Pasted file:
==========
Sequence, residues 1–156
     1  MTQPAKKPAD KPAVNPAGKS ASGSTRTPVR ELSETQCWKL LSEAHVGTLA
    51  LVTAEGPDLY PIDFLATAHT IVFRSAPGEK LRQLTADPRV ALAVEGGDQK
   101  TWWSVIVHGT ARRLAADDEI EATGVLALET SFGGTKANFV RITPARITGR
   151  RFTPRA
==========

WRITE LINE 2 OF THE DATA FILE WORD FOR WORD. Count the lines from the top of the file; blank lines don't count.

     1  MTQPAKKPAD KPAVNPAGKS ASGSTRTPVR ELSETQCWKL LSEAHVGTLA